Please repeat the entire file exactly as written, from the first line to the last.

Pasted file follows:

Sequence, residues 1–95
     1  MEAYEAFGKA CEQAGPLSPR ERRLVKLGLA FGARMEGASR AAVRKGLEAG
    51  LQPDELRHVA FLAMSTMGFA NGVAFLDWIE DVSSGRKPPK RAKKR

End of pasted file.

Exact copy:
Sequence, residues 1–95
     1  MEAYEAFGKA CEQAGPLSPR ERRLVKLGLA FGARMEGASR AAVRKGLEAG
    51  LQPDELRHVA FLAMSTMGFA NGVAFLDWIE DVSSGRKPPK RAKKR